Redmond, WA company Coros Wearables is launching a new helmet that comes with more than the usual bells and whistles. The product, launched on KickStarter, has been dubbed the Coros LINX Smart Cycling Helmet. In a nutshell, it is a bunch of useful technology stuck into a bicycle helmet. If you are going to wear a helmet, you might as well use one that comes with a smartphone app.
I personally have been experimenting with listening to music while riding recently, so this just happened to pop into my awareness at the right time. Recent laws in California – and common sense – mean that riding with both ears covered is illegal as well as dangerous. I recently decided to order a single-earbud device that channels both stereo channels into one ear which seemed a reasonable compromise. I haven’t yet received it yet so I’ve no idea if I’ll like it or not.
The Coros LINX Smart Cycling Helmet takes a different approach however. It uses bone conducting technology to transmit sound without covering the ears – either one of them. Bone conduction of sound is not new, and has had both success and failure in the past. However, I don’t recall anyone yet combining it into the helmet though.
Sound waves are converted into vibrations delivered through your upper cheekbones. The Cochlea receives the vibrations, bypassing the ear canal and ear drum. For cyclists this is super important because that means you can hear audio AND hear your surroundings as you ride, such as cars and other potentially dangerous obstacles.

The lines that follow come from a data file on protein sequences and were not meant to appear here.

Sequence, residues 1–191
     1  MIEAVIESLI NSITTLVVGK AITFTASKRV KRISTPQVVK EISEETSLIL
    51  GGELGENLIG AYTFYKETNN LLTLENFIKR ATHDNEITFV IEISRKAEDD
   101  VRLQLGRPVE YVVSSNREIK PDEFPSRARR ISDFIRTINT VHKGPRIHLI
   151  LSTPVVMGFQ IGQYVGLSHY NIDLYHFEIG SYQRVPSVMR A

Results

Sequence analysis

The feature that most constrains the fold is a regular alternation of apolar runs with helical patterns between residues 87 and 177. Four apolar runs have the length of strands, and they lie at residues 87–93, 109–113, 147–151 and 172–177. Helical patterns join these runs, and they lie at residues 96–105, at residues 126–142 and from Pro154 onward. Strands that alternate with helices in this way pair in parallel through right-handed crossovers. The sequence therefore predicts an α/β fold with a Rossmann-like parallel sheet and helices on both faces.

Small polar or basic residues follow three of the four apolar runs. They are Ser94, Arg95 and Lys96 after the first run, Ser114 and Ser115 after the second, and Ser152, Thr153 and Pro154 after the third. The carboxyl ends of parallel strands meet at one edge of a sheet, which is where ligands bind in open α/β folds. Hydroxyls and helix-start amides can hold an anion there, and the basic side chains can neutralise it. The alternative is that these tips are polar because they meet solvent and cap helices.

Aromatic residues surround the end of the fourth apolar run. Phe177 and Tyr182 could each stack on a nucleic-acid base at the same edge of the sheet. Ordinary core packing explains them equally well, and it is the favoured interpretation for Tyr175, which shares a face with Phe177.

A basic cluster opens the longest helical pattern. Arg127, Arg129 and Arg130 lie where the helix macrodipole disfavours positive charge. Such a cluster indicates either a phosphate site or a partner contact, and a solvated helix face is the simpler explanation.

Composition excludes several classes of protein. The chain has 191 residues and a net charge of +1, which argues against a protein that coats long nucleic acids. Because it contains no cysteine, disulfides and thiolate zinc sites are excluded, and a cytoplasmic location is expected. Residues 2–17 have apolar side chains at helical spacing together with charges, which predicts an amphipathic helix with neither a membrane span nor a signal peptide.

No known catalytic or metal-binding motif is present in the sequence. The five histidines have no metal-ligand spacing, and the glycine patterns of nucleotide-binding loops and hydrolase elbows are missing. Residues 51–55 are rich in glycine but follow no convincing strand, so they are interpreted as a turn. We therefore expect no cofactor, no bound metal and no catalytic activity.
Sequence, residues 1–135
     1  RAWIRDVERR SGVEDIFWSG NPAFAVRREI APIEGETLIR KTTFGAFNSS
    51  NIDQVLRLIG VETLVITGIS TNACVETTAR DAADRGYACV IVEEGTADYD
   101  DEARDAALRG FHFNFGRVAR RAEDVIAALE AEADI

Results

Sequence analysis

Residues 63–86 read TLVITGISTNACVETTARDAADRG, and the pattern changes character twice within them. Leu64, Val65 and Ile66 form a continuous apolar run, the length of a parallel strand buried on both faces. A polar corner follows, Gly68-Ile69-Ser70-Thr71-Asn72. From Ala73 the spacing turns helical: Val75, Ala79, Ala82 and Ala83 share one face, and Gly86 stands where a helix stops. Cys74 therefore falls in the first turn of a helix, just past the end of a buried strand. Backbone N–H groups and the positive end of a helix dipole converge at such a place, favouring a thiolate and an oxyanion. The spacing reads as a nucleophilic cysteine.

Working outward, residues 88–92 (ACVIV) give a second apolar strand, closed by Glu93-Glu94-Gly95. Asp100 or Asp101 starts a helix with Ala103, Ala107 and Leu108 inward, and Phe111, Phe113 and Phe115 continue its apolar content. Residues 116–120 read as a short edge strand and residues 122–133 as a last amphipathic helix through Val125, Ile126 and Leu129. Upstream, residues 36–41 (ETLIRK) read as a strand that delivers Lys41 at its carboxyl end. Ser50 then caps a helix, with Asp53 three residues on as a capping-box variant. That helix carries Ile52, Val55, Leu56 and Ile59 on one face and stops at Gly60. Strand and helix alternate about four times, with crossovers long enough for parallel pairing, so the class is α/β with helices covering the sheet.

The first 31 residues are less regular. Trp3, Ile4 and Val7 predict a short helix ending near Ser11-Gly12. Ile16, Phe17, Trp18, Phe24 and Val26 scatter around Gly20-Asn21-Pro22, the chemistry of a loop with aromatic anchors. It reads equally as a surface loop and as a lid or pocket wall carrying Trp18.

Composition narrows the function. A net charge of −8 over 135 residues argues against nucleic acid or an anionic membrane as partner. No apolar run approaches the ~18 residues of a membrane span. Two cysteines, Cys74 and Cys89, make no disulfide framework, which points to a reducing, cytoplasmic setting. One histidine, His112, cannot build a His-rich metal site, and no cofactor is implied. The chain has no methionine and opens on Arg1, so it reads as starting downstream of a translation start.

It goes beyond a simple combination of helmet and bone conducting headphones, however. It also has an embedded microphone for on-ride calls. The company advertises the ability to make and receive calls directly from the helmet, as well as listening to your music and hearing route cues and directions over the music while riding. There are even hints of a rider to rider communication feature with your buddies on the same ride.
In addition, there is a “G-Sensor” embedded in the helmet. This will call a “loved one” if a crash is detected. Presumably this will all happen through the smartphone app that is you install on your phone. Available for iOS and Android, the app is slated to have GPS functionality and, presumable, a way to tell it what loved one to call should the helmet hit the ground hard enough to trigger it. I haven’t yet been able to find a ton of details about the app, although KickStarter supporter units are slated to ship as early as November.
Last but not least, there is a remote device. Again, this presumably will interact with the smartphone app. And obviously it will take up a little real estate in your bike’s cockpit which, for many of us, is in short supply. That being said, I can see this being fairly handy if the functionality is what one would expect and I can flip through my songs.
Despite my love/hate relationship with bicycle helmets in general, this is one of the KickStarter projects that I actually decided to support. That means I’ll be getting one of these in my hot little hands before most folks. So, stay tuned for an actual review once the product arrives.